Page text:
President Barack Obama continued to push the case for his ambitious budget today during a televised speech in which he said progress was being made, but economic recovery would take time.
As part of an ongoing media blitz, which has also seen appearances on sports network ESPN and a late night chat show, Mr Obama held his second prime-time news conference as president.
In it, he called for "patience" as America struggles to bring about an end to the recession, adding that the country would "recover".
His comments come in a week in which the administration announced its latest measures to kick-start the flatlined US economy.
On Monday, Treasury secretary Tim Geithner detailed plans to free-up the frozen credit markets.
Low-interest loans and up to 100 billion dollars (£69 billion) of bailout money will be used to entice private sector investors into buying up about 500 billion dollars (£345 billion) of toxic assets.
By taking them off the banks' books, it is hoped that it will encourage liquidity in the market and an easing of the recession.
It was the latest in a rush of measures announced by the administration, the centre piece of which has been a near-800 billion dollar stimulus package and a far-reaching budget.
Referring to the plans already announced, Mr Obama said today: "We've put in place a comprehensive strategy designed to attack this crisis on all fronts. It's a strategy to create jobs, to help responsible homeowners, to re-start lending and to grow our economy over the long-term.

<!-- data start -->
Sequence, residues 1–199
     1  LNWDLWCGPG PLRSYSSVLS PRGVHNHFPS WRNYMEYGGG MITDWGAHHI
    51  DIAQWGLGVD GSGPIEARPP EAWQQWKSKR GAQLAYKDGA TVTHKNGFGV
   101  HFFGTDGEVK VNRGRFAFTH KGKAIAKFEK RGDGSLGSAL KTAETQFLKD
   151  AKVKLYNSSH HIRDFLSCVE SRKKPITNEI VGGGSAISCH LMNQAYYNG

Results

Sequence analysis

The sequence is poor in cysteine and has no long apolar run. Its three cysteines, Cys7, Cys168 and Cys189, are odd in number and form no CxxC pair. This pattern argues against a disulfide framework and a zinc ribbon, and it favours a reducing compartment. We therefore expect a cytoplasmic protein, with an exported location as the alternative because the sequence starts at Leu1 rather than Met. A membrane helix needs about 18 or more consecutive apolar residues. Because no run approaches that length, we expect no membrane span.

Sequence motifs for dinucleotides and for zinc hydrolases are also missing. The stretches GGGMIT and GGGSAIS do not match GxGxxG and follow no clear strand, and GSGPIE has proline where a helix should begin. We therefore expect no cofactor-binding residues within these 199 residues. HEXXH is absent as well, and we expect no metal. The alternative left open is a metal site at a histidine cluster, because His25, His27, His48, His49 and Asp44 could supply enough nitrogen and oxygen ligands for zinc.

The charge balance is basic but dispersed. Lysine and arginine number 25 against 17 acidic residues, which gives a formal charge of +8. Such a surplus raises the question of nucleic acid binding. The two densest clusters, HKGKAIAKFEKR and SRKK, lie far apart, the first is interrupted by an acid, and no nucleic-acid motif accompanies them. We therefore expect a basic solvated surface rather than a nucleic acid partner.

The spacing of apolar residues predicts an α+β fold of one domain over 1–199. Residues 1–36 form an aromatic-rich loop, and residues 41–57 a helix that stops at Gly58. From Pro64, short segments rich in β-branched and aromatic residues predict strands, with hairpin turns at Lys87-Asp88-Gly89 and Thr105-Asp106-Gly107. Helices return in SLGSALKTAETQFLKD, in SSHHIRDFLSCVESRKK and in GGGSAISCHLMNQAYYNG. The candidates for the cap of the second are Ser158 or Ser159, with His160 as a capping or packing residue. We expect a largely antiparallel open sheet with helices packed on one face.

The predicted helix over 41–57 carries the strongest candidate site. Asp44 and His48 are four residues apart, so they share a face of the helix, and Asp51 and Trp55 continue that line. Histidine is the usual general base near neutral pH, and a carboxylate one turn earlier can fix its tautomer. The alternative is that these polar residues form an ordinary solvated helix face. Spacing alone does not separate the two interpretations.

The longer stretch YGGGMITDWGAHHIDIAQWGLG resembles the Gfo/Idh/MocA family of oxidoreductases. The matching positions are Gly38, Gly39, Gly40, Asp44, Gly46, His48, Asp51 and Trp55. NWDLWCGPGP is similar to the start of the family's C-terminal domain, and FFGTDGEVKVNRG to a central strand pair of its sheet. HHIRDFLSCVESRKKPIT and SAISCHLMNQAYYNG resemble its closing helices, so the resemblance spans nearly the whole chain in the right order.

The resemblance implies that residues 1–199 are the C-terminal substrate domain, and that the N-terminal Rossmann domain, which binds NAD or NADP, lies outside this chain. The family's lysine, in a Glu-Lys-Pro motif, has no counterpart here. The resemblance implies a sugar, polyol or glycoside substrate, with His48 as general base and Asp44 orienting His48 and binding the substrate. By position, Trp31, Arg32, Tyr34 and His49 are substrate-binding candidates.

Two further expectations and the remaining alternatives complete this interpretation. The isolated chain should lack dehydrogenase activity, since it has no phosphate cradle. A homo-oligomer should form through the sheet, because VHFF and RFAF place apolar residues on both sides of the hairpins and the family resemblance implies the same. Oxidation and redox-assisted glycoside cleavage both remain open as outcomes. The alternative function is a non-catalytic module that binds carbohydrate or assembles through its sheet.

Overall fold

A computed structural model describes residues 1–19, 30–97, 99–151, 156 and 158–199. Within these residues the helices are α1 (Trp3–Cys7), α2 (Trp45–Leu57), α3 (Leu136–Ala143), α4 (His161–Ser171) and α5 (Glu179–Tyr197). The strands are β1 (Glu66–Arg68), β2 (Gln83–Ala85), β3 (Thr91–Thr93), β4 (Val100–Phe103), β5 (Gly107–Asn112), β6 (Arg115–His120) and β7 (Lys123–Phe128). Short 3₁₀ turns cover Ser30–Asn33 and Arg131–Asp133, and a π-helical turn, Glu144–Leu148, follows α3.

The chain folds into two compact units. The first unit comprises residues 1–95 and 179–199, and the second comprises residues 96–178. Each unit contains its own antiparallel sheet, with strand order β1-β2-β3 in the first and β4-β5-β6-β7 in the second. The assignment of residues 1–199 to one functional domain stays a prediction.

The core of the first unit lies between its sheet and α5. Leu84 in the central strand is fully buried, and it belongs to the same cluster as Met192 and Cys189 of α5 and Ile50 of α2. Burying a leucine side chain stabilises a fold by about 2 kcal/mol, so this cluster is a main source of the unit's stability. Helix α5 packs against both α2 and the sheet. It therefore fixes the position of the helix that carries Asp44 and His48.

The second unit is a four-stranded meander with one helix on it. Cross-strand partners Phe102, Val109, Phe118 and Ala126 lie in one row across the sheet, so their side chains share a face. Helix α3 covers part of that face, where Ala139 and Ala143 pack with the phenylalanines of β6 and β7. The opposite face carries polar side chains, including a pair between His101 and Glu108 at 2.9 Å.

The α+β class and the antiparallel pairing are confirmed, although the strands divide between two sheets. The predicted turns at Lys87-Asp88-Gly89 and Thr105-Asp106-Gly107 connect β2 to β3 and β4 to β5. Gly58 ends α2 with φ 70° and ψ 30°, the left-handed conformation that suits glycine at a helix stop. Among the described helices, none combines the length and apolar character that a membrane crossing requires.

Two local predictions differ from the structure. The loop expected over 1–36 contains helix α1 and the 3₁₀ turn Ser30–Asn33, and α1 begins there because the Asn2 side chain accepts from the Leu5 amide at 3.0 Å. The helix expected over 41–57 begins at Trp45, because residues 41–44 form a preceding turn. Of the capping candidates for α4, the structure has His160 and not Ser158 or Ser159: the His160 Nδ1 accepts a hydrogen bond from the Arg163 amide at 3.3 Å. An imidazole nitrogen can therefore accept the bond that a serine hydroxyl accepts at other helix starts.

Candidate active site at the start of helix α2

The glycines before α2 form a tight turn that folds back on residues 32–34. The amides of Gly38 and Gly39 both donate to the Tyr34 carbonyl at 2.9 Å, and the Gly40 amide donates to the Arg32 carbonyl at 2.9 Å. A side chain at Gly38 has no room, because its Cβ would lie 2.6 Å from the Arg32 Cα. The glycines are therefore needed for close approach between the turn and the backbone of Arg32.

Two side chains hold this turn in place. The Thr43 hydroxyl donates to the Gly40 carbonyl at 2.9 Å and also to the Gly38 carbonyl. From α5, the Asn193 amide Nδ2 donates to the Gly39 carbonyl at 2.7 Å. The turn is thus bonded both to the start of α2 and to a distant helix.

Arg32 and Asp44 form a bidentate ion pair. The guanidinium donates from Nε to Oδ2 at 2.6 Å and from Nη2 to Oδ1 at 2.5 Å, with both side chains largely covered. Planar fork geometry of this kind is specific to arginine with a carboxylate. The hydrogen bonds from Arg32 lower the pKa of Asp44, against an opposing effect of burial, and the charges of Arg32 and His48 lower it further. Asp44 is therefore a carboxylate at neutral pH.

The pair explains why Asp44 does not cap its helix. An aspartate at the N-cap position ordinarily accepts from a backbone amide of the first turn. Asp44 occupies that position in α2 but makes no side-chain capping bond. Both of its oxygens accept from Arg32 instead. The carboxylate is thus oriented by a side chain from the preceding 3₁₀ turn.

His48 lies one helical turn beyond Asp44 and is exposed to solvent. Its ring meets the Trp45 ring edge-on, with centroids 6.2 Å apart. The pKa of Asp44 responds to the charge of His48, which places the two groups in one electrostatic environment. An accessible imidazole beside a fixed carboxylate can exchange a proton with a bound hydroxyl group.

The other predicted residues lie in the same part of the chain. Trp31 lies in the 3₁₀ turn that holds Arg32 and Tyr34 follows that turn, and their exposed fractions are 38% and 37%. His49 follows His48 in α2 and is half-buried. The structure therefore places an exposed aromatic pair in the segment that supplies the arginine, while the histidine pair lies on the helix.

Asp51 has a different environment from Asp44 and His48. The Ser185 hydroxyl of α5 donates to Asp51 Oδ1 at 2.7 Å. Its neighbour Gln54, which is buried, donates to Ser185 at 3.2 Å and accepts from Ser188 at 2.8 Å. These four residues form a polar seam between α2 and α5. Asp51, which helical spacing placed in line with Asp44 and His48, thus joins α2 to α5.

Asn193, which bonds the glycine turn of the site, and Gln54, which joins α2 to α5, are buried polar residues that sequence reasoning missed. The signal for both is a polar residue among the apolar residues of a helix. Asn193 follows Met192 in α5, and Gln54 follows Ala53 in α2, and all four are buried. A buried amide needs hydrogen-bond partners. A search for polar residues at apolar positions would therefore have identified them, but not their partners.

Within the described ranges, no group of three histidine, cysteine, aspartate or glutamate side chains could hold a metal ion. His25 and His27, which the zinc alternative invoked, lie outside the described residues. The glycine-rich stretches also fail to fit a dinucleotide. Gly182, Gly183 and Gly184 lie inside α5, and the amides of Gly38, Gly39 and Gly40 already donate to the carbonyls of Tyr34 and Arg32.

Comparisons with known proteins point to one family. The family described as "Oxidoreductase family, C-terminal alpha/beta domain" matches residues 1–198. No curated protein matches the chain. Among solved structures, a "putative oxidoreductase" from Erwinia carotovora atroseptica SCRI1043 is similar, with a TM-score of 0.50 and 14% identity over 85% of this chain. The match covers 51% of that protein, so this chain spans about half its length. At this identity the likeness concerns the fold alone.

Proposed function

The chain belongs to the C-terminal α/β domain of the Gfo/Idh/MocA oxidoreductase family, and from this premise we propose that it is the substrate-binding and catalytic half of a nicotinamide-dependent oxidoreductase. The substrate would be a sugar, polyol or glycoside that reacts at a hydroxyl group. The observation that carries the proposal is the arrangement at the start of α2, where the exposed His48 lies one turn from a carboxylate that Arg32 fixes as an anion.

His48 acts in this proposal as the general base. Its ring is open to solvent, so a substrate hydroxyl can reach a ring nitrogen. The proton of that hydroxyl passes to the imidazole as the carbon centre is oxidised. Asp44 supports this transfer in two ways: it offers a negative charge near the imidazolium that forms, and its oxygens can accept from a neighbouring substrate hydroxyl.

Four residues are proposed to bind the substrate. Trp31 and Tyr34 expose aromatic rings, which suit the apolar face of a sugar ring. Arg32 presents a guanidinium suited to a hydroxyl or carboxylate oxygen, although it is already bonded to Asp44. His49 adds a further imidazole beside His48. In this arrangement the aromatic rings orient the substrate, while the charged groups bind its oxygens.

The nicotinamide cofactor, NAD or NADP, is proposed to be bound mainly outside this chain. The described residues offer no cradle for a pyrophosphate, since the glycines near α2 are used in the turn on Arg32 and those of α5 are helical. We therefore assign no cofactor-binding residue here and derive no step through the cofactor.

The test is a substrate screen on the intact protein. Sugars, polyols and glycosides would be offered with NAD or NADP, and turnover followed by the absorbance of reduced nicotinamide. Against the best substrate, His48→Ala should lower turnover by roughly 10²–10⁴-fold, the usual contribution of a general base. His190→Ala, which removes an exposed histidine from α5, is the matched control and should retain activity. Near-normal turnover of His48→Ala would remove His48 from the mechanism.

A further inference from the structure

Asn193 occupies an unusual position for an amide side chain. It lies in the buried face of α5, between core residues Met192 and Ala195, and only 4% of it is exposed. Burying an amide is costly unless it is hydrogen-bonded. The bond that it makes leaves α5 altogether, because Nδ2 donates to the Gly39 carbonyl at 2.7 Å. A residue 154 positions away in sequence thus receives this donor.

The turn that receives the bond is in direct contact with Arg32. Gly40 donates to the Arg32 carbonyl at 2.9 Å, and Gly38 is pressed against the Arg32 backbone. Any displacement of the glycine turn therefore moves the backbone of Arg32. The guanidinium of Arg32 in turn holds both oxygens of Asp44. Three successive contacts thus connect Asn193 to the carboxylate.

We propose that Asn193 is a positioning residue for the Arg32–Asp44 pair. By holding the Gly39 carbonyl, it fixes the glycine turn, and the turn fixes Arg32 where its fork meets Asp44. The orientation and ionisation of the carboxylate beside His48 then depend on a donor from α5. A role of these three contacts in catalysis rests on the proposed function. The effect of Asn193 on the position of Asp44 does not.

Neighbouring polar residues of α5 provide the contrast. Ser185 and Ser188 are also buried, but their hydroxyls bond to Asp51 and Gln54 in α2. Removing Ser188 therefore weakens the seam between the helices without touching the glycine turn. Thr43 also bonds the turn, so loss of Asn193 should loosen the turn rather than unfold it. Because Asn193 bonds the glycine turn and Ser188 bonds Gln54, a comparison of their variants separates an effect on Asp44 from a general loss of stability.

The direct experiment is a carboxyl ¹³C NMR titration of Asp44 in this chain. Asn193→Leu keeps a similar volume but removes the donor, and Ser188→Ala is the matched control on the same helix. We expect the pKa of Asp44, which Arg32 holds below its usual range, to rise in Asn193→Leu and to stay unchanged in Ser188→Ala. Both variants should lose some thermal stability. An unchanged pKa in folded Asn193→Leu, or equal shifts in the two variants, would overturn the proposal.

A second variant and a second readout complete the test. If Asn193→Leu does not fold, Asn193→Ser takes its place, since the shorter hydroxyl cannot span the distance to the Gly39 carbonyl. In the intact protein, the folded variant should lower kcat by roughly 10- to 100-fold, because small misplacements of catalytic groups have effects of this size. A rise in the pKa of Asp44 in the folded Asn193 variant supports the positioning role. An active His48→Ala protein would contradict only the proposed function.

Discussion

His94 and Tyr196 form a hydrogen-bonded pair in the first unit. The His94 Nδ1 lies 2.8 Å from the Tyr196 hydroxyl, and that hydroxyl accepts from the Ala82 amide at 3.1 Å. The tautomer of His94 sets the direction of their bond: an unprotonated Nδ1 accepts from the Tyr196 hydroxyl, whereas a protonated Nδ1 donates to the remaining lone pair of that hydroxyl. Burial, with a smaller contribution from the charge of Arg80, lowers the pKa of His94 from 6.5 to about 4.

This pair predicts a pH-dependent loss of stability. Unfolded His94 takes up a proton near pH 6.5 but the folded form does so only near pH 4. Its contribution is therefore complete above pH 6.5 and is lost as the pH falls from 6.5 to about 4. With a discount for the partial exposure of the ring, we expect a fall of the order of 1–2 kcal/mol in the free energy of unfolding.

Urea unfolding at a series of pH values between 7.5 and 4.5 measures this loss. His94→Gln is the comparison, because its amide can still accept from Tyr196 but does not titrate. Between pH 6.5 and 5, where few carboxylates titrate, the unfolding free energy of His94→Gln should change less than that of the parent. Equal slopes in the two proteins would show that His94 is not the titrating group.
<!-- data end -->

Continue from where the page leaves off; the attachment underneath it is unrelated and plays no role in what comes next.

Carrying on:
"And we are beginning to see signs of progress."
To what extent progress has been made is a moot point. Wall Street - along with global markets - rallied on Monday on the back of the toxic asset announcement.
But gains fell back today, and the Dow Jones Industrial Average is still down from when Mr Obama was sworn-in as president.
In today's address, carried by a number of TV networks, Mr Obama pushed the case for his budget. He said investment in green energy would wean America off foreign oil.
Meanwhile healthcare spending would equip children with the skills to compete in the global economy and healthcare expenditure would bring down the long-term costs for families, businesses and government.
In a call on Americans to back his economic plans, Mr Obama added: "We will recover from this recession. But it will take time, it will take patience and it will take an understanding that when we all work together, when each of us looks beyond our own short-term interests to the wider set of obligations we have to each other - that's when we succeed. That is when we prosper.
"And that's what is needed right now. So let us look towards the future with a renewed sense of common purpose, a renewed determination, and most importantly, a renewed confidence that a better day will come."